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duty itself; No: I approve of covenanting work, whether it be national, presbyterial or congregational, when rightly managed and gone about ; and I pray ear. nestly for a covenanting frame and disposition to the whole land. I likewise own, there are several excellent things in the brethrens covenant, which we are all bound to by the word of God and our national engage ments ; and also in their Confession of fins, there are many evils enumerate, which all ranks amongst us ought to be deeply humbled for before the Lord : but, alas ! they have marred their Confeffion, by throwing into it feveral things which either are doubtful, or else plain mistakes or falshoods ; and yet all these muft be collfeffed and condemned as fins and evils, as if they were the most plain and undoubted facts, and that by a folemn oath: For their confession of fins (which is very long) is adopted and sworn to in their covenant. Yea, the Associate Brethren have carried this matter to a prodigious height, by making an act, dated at Edinburgh, February 14th 1744, wherein they agree and determine, that the swearing the foresaid covenant shall be the term of ministerial communion with them, and likewise the term of Christian communion to the people, with respect to their partaking of the feals of God's covenant. A surprising act indeed! This now oath and covenant of theirs is called in it, not a term, but the term of Christian communion, as if it were the only qualification for admission required, and as if it answered for the want of others; and indeed there is not another qualification besides swearing this covenant, mentioned in their act. Now, by this new act, let a man be never so well qualified according to the terms Christ hath determined in his word, yet, if he have not freedom to go in to this term of the brethrens making, he must be excluded both from ministerial and Chrii. tian communion ; that is, he must neither be owned as a minister of Christ, nor allowed any of the Childrens bread, fo far as their authority can go. Wherefore I cannot but teftify against this act, as framing new terms and conditions of access to the benefits of Christ's pur.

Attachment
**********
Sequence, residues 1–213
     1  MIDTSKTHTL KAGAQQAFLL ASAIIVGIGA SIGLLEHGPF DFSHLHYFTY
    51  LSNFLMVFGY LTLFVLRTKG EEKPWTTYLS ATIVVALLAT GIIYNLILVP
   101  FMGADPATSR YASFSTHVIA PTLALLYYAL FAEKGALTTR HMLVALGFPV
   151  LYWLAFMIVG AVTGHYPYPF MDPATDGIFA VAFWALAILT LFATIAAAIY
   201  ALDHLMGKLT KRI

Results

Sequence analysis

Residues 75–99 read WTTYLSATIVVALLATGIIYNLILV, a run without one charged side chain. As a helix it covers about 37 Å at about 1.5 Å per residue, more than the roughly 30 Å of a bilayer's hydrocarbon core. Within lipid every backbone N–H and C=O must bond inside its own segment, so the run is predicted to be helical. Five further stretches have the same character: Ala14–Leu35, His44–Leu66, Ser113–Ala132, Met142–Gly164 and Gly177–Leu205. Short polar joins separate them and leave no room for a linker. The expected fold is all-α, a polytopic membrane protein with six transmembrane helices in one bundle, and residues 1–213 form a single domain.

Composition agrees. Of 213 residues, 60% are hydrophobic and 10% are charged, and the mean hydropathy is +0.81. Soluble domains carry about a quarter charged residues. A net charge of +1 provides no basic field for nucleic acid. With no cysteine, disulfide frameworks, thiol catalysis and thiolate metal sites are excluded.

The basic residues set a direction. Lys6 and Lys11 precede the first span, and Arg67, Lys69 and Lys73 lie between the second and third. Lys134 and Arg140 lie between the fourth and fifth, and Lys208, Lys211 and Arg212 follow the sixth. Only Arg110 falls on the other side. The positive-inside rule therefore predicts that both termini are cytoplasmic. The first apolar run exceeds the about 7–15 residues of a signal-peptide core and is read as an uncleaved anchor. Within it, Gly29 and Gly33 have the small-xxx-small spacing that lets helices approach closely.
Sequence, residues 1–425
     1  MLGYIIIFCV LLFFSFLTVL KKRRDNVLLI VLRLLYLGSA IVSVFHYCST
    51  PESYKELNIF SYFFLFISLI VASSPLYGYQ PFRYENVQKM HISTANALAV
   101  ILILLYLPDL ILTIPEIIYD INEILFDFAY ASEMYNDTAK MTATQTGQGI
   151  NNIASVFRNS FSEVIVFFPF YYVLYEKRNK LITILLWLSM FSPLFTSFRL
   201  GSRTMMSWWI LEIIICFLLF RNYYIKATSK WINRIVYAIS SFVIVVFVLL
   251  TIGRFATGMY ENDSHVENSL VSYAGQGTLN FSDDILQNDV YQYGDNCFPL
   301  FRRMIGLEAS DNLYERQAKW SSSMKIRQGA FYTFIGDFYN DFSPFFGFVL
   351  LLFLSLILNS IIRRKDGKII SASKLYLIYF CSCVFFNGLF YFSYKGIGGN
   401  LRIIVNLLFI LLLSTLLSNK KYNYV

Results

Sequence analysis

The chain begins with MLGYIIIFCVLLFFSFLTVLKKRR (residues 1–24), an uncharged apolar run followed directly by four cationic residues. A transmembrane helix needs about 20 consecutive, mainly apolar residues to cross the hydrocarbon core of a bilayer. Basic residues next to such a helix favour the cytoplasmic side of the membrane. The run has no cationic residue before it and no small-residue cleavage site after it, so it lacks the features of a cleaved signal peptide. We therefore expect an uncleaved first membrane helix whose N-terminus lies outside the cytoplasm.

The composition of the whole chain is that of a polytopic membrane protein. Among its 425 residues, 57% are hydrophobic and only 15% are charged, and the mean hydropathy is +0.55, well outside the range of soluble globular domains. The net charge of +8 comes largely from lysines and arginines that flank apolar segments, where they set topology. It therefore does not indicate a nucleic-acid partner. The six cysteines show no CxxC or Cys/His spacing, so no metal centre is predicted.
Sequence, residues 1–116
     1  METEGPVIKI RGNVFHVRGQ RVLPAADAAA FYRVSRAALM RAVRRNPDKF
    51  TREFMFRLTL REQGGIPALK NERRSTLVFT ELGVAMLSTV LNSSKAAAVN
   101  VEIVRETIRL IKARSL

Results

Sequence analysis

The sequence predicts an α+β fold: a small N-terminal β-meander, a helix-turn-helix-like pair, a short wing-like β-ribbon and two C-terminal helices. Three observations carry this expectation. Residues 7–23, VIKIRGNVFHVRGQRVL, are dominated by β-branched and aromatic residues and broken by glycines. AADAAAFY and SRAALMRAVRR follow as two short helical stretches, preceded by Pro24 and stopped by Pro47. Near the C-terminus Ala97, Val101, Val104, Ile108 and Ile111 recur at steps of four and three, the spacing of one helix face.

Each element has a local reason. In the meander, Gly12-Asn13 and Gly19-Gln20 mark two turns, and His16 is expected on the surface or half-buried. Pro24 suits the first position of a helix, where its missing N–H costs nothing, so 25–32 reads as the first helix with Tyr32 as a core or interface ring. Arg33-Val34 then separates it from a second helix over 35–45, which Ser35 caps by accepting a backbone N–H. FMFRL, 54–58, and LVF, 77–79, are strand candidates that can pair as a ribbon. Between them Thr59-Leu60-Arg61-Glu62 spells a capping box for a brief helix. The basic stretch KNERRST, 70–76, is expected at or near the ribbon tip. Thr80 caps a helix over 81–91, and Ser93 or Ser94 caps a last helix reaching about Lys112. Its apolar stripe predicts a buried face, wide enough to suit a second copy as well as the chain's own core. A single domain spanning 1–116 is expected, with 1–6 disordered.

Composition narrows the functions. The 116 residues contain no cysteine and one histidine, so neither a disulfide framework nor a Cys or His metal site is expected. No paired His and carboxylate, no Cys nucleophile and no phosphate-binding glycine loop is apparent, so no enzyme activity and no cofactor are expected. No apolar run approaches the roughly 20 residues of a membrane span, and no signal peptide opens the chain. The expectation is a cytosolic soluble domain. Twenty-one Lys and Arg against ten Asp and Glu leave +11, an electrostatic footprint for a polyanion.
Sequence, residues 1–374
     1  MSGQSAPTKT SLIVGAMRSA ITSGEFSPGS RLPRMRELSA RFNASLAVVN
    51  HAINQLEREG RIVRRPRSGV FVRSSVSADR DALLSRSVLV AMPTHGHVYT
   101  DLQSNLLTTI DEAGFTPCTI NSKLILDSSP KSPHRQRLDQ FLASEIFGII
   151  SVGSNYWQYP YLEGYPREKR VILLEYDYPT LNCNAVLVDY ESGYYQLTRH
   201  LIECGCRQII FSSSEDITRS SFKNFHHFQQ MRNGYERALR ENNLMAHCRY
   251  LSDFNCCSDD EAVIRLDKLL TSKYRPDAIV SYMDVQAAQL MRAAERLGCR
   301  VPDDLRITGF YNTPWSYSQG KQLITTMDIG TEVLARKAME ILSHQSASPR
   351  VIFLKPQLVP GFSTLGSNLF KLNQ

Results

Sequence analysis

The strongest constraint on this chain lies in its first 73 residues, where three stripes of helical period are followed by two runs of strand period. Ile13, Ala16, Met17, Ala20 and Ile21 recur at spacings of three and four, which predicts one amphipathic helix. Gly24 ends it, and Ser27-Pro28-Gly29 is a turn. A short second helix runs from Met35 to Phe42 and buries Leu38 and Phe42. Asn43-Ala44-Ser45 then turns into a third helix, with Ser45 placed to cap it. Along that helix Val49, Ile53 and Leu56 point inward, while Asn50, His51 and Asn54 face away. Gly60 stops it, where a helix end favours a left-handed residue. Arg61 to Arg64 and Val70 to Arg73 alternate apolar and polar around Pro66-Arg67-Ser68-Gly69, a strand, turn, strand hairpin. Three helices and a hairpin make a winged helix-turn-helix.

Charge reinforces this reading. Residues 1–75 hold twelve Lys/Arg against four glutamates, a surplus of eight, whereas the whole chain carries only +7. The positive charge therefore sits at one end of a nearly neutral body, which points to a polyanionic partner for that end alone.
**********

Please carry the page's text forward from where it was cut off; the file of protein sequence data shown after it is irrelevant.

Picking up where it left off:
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chase, for which the framers have no warrant in God's word : and therefore it must be a manifest ufurpation and incroachment upon the Headship of the King of Zion, and an infringement upon that precious article of our Creed, the Communion of Saints : which is too much for any judicatory or power on earth to adventure upon. Though the foresaid oath were in things indifferent or lawful, yet it were unwarrantable to impofe it as a term of communion, but much more when it is in things finful, doubtful or false. · Quest. How do you make it appear that the brethrens new oath and covenant (which they make the term of communion) is in itfeif Gnful ? . .

Ans. Because by this oath they adopt and approve a Confession of fins prefixed to it, and swear by the great name of the Lord our God, with their right hand lifted up to the Lord, that they shall testify against the evils named in that confefsion, sundry of which are false in fact, calumnious, unjust and uncharitable; and yet, by the foresaid folemn oath, the takers own them to be real, juft and true. As for instance, they swear that the General Assembly dismissed Profeffor Simfon without any censure or express testimony against his er. rors, p. 104. which is false. Also, they swear that the taking the oath of abjuration is a national fin, p. 103 which they cannot make out. They swear that al fembly 1736 adopted Professor Campbell's error against felf love, p. 106. which is false: They swear that Are sembly 1738 condemned the brethrens testimony in bulk, p. 107. which is not fact. They swear that Ar. sembly 1739 condemned their Declinature, as containing nothing but groundless prejudices, p. 107. which is not fact. They swear that the kind reception of Mr. Whitefield hath increased the fins of the land, and is a denying any particular from of church-government as being of Divine institution, p. 109. which is falfe. They swear that a scheme is now laid for uniting parries of all denominations in church-communion, in a way destructive of any testimony for Christ's declarative glory, p. 110. which they can never make appear.